Rock Island County State’s Attorney John McGehee said Friday that he has referred the case of a local member of the Sikh community and Uber driver who alleges that a passenger made racist remarks to him put a gun to his head last month to the Illinois State’s Attorney Appellate Prosecutor's Office.
McGehee said he discovered in the last couple days that there was a conflict of interest in his office when the case was referred to him for review.
"The law in Illinois is clear that when a conflict arises by the County State's Attorney in the discharge of their duties the case will be assigned to the Illinois State's Attorneys Appellate Prosecutors Office for an objective, independent State's Attorneys discharge of duties without the conflict," he said in a news release.
He declined to disclose the conflict “so that the process is fair to all involved.”
McGehee said prosecutors appeared Friday in front of Associate Judge Norma Kauzlarich, who granted their motion to refer the case to the appellate prosecutor’s office.
At 10:39 p.m. Jan. 28, Gurjeet Singh, an Uber driver, picked up a white man and woman in the alley in the area of 15th Street and 15th Avenue in Moline, according to a news release from the Sikh Coalition, which is representing Singh.
As Singh was taking the passengers home, the male passenger allegedly asked him about his immigration status and his country of origin, according to the release.
Singh claims that the man wielded a handgun and pointed it at his head and allegedly said, “I hate turban people. I hate beard people,” according to the release.
Singh slammed on the brakes and the woman forcibly removed the man from the car, according to the release. The woman apologized for the man’s behavior and instructed the driver to take her home but told him to avoid taking the same route back to avoid another encounter with the man, according to the release.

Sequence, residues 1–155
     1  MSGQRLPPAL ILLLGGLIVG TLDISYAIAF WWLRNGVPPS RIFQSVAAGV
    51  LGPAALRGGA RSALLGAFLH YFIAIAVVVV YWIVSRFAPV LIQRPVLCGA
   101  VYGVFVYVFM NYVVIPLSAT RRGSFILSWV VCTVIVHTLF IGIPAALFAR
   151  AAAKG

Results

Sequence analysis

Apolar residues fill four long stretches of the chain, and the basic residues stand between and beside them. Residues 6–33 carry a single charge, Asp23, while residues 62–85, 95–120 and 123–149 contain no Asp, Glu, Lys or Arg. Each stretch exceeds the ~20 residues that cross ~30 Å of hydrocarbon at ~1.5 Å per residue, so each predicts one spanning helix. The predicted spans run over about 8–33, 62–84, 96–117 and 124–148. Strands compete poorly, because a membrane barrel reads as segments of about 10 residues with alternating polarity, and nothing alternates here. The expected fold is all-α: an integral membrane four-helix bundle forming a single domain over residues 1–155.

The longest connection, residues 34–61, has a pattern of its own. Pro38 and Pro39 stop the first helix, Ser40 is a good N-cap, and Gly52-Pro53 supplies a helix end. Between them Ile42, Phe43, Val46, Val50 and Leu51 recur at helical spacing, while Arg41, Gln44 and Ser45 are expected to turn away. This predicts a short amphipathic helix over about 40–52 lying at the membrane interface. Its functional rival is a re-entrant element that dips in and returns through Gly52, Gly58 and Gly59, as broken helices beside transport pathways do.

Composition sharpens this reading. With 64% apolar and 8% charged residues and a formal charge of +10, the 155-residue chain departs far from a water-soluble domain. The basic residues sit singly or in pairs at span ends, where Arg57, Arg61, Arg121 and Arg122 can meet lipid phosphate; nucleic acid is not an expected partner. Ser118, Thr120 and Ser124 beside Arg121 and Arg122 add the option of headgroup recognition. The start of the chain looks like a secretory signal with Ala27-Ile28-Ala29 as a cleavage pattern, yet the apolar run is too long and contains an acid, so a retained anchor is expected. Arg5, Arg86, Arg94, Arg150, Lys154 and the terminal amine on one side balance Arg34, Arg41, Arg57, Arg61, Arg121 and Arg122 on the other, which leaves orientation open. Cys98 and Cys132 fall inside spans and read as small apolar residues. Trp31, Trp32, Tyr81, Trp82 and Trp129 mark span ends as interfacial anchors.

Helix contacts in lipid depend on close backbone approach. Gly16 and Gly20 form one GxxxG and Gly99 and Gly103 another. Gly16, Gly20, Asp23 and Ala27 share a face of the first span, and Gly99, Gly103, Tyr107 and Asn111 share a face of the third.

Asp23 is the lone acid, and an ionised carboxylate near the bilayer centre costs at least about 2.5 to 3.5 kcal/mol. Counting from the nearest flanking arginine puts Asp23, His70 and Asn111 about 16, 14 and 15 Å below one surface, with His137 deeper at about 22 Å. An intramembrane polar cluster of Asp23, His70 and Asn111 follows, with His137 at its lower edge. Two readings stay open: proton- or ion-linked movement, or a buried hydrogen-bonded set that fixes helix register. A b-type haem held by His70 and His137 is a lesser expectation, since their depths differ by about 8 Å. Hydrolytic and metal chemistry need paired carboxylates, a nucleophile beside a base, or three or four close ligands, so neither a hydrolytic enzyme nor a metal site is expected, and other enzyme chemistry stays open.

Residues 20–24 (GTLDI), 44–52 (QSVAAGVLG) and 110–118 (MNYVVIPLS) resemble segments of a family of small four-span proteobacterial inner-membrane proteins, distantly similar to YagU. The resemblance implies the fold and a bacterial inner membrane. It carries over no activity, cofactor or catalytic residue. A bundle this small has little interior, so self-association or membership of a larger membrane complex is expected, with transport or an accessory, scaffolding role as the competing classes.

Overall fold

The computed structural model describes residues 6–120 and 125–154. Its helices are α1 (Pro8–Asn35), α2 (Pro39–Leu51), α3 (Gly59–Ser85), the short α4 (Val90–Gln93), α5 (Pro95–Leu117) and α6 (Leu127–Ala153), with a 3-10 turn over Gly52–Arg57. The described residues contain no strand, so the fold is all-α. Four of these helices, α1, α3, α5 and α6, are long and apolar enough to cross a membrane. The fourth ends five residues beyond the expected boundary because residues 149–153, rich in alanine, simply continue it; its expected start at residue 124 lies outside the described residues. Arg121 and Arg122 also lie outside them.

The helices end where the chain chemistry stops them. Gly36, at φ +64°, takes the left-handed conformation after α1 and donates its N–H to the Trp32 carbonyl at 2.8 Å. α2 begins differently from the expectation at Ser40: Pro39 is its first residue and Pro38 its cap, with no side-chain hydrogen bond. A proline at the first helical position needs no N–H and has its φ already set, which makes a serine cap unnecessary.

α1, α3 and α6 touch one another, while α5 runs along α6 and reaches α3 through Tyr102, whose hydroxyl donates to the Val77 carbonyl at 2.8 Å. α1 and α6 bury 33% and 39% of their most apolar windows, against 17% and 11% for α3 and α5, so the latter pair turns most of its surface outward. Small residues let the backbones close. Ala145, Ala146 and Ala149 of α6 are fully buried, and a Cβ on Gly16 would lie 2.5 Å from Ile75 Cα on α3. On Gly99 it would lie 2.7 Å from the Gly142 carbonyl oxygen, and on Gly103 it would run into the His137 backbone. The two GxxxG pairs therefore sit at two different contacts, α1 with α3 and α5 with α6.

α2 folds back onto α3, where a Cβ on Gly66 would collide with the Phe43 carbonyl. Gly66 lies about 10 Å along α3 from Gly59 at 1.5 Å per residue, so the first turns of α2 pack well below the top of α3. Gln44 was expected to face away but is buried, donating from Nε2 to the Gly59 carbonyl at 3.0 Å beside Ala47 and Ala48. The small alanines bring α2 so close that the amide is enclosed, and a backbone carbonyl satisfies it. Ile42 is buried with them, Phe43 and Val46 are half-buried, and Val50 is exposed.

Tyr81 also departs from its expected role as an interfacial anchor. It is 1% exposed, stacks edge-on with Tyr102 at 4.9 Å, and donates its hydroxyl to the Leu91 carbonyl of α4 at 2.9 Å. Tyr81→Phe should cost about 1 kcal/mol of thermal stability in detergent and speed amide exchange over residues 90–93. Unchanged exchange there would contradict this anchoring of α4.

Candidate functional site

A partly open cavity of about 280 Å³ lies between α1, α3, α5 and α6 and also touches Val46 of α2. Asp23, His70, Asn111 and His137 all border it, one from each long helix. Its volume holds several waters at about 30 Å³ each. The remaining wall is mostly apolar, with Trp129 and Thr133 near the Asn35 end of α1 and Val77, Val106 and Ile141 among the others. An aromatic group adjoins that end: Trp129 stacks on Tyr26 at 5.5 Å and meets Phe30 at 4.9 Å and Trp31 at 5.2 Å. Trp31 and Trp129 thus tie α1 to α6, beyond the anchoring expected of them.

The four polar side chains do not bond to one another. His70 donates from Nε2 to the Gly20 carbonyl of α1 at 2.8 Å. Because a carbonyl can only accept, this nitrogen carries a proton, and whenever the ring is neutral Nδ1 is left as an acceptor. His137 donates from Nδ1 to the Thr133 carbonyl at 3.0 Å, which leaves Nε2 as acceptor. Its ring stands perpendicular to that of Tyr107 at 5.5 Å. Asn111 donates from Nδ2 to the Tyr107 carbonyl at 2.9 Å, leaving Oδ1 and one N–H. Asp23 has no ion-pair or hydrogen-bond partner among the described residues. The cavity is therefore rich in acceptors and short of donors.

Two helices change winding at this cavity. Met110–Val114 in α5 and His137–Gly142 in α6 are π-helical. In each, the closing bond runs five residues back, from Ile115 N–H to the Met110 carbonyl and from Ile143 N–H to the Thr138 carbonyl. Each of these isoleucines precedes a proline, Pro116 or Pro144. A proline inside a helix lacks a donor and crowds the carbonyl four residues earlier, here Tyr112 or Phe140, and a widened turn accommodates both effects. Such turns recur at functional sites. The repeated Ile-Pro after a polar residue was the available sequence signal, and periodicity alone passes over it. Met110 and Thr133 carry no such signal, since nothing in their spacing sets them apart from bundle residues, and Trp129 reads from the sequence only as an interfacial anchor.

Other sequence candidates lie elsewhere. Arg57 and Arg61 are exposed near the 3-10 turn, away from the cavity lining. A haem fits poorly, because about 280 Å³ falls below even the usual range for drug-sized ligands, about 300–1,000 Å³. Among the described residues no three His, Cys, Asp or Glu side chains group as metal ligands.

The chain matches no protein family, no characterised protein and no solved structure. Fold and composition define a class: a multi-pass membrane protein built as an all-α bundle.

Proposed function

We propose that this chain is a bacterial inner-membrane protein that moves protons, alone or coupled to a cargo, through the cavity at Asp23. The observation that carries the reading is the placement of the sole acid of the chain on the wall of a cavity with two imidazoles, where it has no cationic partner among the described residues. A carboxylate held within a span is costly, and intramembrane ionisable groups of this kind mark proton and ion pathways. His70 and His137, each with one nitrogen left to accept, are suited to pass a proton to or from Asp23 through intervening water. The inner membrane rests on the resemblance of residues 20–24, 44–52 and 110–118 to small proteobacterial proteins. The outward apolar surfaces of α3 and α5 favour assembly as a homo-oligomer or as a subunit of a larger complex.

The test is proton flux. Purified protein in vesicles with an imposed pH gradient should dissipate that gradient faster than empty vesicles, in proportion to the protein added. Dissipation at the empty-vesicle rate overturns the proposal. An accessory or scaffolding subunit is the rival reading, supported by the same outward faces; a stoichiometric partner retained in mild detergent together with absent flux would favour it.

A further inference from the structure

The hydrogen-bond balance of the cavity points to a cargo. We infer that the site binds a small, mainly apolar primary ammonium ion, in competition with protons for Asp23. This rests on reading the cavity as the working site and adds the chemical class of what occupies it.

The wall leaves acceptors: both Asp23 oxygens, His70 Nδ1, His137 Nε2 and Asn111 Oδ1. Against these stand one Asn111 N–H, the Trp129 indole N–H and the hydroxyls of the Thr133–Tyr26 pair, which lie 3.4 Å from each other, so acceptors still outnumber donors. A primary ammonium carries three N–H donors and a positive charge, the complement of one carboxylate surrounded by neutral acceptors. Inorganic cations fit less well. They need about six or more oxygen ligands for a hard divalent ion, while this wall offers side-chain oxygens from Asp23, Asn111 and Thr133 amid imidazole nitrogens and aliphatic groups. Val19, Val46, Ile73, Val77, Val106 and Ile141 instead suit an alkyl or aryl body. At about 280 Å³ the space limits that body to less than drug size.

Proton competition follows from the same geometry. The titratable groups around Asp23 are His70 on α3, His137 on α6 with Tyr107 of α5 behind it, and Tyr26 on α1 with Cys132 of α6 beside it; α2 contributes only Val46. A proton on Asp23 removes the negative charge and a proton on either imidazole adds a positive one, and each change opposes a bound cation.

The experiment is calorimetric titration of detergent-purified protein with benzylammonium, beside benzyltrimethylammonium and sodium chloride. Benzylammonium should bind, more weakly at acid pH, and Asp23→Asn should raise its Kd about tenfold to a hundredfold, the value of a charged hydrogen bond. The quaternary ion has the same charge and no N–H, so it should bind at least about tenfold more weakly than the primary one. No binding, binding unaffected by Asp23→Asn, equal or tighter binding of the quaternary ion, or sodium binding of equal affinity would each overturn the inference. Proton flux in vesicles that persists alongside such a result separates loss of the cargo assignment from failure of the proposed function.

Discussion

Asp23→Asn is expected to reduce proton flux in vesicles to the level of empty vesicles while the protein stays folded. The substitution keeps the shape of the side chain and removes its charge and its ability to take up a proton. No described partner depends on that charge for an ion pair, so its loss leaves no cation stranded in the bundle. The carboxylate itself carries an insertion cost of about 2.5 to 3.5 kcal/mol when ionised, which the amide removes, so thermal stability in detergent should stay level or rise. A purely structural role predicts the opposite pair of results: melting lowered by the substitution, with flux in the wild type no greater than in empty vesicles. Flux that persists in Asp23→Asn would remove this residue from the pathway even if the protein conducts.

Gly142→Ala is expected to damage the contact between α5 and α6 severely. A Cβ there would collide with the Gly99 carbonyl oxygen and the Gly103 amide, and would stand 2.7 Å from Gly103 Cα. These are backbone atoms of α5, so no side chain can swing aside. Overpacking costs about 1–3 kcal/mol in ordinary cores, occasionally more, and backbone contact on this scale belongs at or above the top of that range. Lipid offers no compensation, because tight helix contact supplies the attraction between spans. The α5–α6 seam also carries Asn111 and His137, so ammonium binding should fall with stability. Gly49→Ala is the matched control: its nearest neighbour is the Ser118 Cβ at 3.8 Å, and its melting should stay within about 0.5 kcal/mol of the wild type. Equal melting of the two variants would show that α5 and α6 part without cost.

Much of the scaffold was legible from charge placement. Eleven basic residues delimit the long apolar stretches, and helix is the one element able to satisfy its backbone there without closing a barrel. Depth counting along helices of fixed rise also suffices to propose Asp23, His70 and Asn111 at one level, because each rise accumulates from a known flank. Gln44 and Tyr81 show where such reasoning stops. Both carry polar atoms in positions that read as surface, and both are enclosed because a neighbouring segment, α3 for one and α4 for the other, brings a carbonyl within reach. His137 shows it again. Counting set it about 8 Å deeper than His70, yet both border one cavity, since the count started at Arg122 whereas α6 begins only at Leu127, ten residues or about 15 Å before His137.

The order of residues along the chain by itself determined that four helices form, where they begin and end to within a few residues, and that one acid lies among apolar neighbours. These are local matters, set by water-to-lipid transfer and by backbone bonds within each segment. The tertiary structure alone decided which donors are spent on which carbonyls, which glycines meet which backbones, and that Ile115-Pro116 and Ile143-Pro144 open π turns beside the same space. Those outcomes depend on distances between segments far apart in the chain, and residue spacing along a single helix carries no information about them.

Rock Island County Sheriff Gerry Bustos said earlier this week that the alleged incident was reported to his office about 11 a.m. the following day. He confirmed Friday that his office has turned the case over to prosecutors.
He declined further comment.
The Sikh Coalition, a New York-based civil and human rights organization formed after the 9/11 attacks in response to hate violence, held a press conference Friday outside the Rock Island County Justice Center to talk about the alleged incident and the developments in the investigation.
Amrith Kaur, legal director for the Coalition, said Singh had been driving for Uber for about a month before the alleged incident. He has since stopped driving for the company, she said.
Singh, Kaur said, reached out to the Coalition 12 hours after the alleged incident.
She said that the alleged incident involving Singh is a hate crime and that “we are ready and willing to fully support any hate crime prosecution that takes place.”
“The important thing is that all of our public officials, our elected officials, our state and local and federal government agencies acknowledge what’s happened, they investigate what’s happened, and they prosecute what’s happened,” Kaur said. “And the reality is that when you do that, you are sending a message to a community."
She said coalition members have been in the Quad-Cities this week and have met with the sheriff’s office.
“The reason we came out here obviously is because we felt like there was a three-week window where not much had happened during that time,” she said. “There’s a gunman who had attacked a member of the Sikh community and told him that he didn’t like people with turbans and beards, and that person was still out there that that creates a lot of insecurity within the community.”
Kaur said the coalition was not privy to details of the investigation when asked whether they have seen any of the evidence collected by law enforcement.
She said the coalition has already reached out to the appellate prosecutor’s office and are “anxiously awaiting” a response.
During the news conference, several members of the Sikh community held signs that read “Justice for Gurjeet,” “Love your neighbor,” and “Quad Cities is our home.”
One man, Gurlabh Singh, told reporters that the community refused to “let what has happened to Gurjeet just to become another crime that was committed in the community.”
“When you attack Gurjett in a hate crime, you’re attacking us all,” he said.
Singh was present at Friday’s news conference but did not make a statement.
Narveen Virdi, who has lived in the Quad-Cities since 1986, said she believed this was an isolated incident and that it appears that "somebody got drunk."
The Rock Island County community, she said, has been good to her.
"We’ve never had difficulties," she said.